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Mitsuru Ishizuka: An Interview by Johnny Wales

Mitsuru Ishizuka: An Interview by Johnny Wales



Mitsuru during his interview at Kodo Village (Photo by Johnny Wales)

His father is a founding member of the pioneering Sukeroku Daiko, his older brother and younger sister are professional taikoists and his younger brother is an apprentice taiko maker. Mitsuru made his first appearance on stage at age five, and yet at the beginning of his second year as a Kodo apprentice, he decided to forget everything he had ever learned about taiko…and begin again from zero.


Mitsuru was born into a world of taiko in Tokyo on August 6th, 1979. At the age of 4 his parents moved the family to a mountainside in Saitama believing it would be a better environment in which to raise their children. His father is a professional Nagauta and Kabuki orchestra percussionist, as is Mitsuru’s older brother. Their mother – who was a traditional Japanese Buyo dancer – passed away when Mitsuru was in middle school. His step-mother is also a taikoist, while his younger brother is apprenticing with a taiko maker in Tokyo and his younger sister is a taiko instructor in Yokohama.

His first memories are of the sound of his father’s tsutsumi drum emanating from his room. Mitsuru first played taiko on stage at age 5. In elementary school he joined a local taiko group which his father taught, though it seemed that it was more for his father’s pleasure than his own. This changed in middle school when he also joined a local folk music group where he performed things like Miyake and Yatai-bayashi and Onikenbai. Playing drums unconnected to his family gave him a feeling of independence and so he really began to enjoy it. Right through high school he played taiko nearly every day – not only in the school taiko club – but also after returning home with his brother and friends. Taiko seven days a week. He had broad musical tastes and even found time to play live performances on acoustic guitar at school.

It seemed a natural choice that he would follow his father and brother into a career in taiko, but something bothered him about walking such a pre-ordained path. In his 2nd or 3rd year of high school – like so many other future members – he saw his first Kodo performance at Theatre Apple in Shinjuku, Tokyo.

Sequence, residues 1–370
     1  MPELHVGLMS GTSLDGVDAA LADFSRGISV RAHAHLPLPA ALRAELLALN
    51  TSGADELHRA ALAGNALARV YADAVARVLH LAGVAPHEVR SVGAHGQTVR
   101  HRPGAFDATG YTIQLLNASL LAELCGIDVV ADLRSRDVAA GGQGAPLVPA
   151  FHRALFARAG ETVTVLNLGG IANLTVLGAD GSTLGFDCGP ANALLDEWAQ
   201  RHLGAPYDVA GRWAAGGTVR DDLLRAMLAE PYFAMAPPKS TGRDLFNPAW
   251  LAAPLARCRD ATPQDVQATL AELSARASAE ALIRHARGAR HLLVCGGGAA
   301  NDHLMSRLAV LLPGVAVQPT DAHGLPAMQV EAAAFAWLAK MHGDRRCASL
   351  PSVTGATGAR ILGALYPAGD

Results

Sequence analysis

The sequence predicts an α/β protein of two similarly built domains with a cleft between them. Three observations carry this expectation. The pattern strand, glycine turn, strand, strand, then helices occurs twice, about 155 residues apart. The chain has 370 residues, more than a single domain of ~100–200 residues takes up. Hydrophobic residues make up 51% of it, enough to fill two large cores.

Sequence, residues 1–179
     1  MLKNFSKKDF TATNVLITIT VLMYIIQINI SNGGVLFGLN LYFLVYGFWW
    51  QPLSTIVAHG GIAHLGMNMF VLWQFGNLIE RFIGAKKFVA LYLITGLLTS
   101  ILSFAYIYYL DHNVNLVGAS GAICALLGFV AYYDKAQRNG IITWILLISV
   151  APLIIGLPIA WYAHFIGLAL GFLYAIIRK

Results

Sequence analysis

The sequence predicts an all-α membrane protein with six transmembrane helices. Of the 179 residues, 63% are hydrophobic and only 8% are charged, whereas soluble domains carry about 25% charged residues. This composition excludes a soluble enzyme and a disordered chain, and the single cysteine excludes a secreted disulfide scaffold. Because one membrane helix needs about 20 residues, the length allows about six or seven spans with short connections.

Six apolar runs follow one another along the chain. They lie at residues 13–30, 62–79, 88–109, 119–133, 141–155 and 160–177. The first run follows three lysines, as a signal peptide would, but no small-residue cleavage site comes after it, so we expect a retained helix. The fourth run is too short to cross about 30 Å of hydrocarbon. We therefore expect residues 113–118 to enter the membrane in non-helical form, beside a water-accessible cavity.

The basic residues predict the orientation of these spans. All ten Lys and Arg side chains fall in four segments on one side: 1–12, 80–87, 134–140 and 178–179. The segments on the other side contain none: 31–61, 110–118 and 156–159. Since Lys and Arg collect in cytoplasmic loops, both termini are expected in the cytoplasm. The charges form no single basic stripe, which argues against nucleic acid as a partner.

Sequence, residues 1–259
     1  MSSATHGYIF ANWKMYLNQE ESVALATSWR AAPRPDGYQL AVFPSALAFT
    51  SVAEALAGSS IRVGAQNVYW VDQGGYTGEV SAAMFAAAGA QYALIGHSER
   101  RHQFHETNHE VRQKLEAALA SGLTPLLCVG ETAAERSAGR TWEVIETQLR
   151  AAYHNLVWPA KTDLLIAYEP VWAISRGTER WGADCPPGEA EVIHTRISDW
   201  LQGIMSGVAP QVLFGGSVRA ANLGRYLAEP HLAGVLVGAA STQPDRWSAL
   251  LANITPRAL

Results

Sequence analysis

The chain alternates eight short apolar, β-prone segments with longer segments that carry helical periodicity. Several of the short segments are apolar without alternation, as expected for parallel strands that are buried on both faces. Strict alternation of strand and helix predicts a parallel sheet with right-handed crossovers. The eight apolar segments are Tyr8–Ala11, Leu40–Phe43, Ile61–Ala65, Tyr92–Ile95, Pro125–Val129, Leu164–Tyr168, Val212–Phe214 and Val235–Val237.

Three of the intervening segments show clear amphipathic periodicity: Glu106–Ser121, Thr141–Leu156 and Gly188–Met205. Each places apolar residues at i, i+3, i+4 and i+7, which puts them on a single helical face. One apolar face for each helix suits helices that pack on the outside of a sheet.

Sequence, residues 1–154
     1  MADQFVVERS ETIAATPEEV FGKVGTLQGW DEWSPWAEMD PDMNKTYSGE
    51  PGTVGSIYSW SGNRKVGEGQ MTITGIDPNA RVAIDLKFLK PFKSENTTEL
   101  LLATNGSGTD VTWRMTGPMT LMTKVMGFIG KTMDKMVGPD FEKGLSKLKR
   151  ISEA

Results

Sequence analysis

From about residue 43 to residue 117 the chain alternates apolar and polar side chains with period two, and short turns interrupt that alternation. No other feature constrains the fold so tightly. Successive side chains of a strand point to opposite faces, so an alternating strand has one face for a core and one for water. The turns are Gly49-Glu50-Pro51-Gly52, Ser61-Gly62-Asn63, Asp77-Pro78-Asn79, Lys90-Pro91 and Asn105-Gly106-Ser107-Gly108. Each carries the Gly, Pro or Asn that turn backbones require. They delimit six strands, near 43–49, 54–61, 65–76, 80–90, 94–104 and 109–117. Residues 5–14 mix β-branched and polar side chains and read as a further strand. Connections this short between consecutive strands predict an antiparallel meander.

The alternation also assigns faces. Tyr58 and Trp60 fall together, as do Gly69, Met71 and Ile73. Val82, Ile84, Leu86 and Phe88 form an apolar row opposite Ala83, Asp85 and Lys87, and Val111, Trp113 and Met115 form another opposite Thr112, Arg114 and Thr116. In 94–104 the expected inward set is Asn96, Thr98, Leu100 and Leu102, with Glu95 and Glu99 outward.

Yatai-bayashi (Mitsuru Ishizuka pictured front left)

Kodo seemed to offer the possibility of a life in taiko that had no direct connection to his father’s world, so he started to check the group out. He made up his mind to apply for the Apprenticeship Programme, but discovered that he had missed that year’s application deadline. So he looked around for some other drum-related work. An acquaintance of his father’s was performing as a freelance taikoist so Mitsuru decided to tag along, part roadie, part performer for a year. He even got paid once in a while. Looking back now, Mitsuru is glad he had that year on the road. It gave him a broader perspective on life than if he had joined Kodo green at the gills, right out of high school.

Mitsuru was looking for extreme discipline when he went to the Apprentice Centre. He anticipated, maybe even hoped for the severity and pain. But in order to be able to perform like a real professional – to be good enough to send a message to people around the world – he found the training and rehearsing was much harder than expected. In his first year he worked as hard as he possibly could; he trained to increase his physical strength and stamina, to polish his technique, to better express the musical mood and improve the nuance in his playing. And then the most important thing – as both a professional player and a human being – he strove to endure the severe training needed to develop his spiritual strength. Up till that time he had played because he enjoyed it, for fun. But now he felt that if he carried on as he had so far, he wouldn’t have the confidence in his ability to truly make the grade.

In order to get past that, to become a truly good performer, a professional, he would have to throw away everything he had been till then. To begin again at zero. And it was with this attitude that he approached his second year.

From that moment on, his experience changed completely. Practice that he had thought of as exhausting actually became fun. He felt his taiko improved greatly and was accepted as a probationary member and immediately joined the school tour. After two and half years of sweating (while freezing) away in obscurity on Sado, it felt great to be playing taiko in front of an audience again. To being heard.